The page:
We've all had them. They might have come via TV or a live event, through personal participation or from reading the paper or listening to the radio. They are those moments when sports lifted our emotions somewhere past fandom to a place where adrenaline and passion create a potent and focused form of elation.
With that in mind, I've been thinking a lot lately about Caitlyn, née Bruce, Jenner. That decathlon win at the 1976 Summer Olympics in Montreal was my first real experience getting swept up in the drama of an athletic event, and when Jenner crushed the 400 meters, paving the way to overall victory, I was hooked.
In short order, the instantly iconic Wheaties box featuring Jenner on front was on our breakfast table, and if I'd have had any money beyond my allowance—I was 11—it would have been spent on Jenner swag. Not that there was anything like that in the '70s; it was a very long time ago.
This issue—published in partnership with Adweek's sibling brand, the Clio Awards, in support of the Clio Sports Awards, which will be held in New York on July 8—is devoted to that connection between sports and marketing. And because sports can illicit such strong emotions and feelings of authenticity—on both a global and tribal scale—it is a very big business indeed. PWC predicts global sports revenue will swell to $145.3 billion between 2010 and 2015.
More than any other sport, soccer, of course, has the broadest reach and influence. And beyond the rapacious machinations of FIFA, the game is an art form, as proved on the Canadian pitches where the drama of the late-stage play of the Women's World Cup unfolded last week.
One of the sport's high cathedrals is Manchester United, whose captain and the face of the team, Wayne Rooney, we photographed in London for the cover of this issue. In his story, contributor David Gianatasio explores how the team's formidable marketing machine has influenced pro sports globally, including here in the U.S. Howard Handler, CMO of Major League Soccer and a Clio Sports juror, speaks to that topic in the story.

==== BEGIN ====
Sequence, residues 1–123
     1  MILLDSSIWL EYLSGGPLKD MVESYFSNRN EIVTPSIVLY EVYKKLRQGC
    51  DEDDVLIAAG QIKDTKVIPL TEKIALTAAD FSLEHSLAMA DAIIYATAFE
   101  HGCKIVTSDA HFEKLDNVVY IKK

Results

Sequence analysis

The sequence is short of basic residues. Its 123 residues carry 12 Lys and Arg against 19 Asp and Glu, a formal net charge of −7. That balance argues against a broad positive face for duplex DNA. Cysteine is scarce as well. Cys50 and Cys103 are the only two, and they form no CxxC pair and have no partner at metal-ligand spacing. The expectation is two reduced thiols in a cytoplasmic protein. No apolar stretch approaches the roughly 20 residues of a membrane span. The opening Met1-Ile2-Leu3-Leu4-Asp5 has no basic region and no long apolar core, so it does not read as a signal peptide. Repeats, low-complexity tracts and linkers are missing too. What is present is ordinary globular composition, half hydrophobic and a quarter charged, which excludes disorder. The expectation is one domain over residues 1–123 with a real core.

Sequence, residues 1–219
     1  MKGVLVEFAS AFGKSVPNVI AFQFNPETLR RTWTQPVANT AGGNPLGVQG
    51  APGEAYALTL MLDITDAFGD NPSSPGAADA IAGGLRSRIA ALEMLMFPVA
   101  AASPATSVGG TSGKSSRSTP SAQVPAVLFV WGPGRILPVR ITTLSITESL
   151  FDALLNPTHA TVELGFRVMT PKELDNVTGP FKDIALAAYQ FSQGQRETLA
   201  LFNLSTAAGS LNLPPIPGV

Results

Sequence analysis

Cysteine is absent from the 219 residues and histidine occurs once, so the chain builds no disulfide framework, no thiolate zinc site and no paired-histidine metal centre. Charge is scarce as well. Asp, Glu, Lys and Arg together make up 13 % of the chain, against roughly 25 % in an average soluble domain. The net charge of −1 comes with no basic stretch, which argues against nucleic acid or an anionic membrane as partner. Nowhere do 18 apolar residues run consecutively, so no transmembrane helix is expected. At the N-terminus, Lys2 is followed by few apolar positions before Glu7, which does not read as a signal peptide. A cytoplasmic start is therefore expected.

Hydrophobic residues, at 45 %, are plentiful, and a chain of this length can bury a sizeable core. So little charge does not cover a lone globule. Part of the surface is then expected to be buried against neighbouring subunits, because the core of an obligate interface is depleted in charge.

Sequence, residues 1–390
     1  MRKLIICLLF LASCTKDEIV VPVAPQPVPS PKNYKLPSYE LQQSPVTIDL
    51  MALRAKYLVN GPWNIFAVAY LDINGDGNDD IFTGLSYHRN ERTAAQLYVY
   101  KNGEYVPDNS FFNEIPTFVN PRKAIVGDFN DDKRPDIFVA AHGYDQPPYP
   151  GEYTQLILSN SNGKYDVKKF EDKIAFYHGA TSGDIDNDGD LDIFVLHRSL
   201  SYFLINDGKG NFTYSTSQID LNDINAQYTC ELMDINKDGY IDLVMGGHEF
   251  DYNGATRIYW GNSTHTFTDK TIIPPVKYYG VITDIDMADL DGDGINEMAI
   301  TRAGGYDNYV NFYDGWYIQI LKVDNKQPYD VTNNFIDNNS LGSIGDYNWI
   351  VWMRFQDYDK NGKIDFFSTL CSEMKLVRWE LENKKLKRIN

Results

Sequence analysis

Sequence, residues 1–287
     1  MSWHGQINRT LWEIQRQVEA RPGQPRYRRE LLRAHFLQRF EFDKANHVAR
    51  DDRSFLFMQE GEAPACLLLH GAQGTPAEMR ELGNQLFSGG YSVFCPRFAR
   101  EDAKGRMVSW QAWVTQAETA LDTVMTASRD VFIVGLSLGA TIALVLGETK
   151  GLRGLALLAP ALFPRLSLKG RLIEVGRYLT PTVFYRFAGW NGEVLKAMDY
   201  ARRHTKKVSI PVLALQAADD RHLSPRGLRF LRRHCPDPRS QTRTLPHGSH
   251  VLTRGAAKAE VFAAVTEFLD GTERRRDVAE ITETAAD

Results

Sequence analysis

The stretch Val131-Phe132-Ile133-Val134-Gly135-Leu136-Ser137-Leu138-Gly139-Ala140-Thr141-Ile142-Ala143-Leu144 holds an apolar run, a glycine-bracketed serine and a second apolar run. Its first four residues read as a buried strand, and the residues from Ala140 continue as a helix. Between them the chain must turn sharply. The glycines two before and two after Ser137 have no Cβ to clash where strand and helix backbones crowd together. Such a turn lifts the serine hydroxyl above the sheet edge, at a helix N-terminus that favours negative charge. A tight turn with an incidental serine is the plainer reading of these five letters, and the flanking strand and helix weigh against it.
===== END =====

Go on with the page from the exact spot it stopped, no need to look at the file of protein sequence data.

Also in this issue, we catalogue all of this year's Clio Sports gold-winning work and feature Clio Sports jurors—Greg D'Alba, president of global partnerships at WME and IMG; Michael Levine, co-head of CAA Sports; and Steve Phelps, evp and CMO of Nascar—in our regular departments Voice, Mover and Look Back, respectively.
Finally, Gatorade, recipient of the inaugural Clio Sports Brand Icon Award, is profiled by senior editor Robert Klara in his weekly column, Brand Name.
What comes through in this issue and in looking at the winning Clio Sports work is that sports can transform audiences from passive to passionate and from sophisticated ad avoiders into marketing sponges.
Brand and agency executives, like the ones behind the Jenner Wheaties box, will always want to be in that game.
This story first appeared in the July 6 issue of Adweek magazine. Click here to subscribe.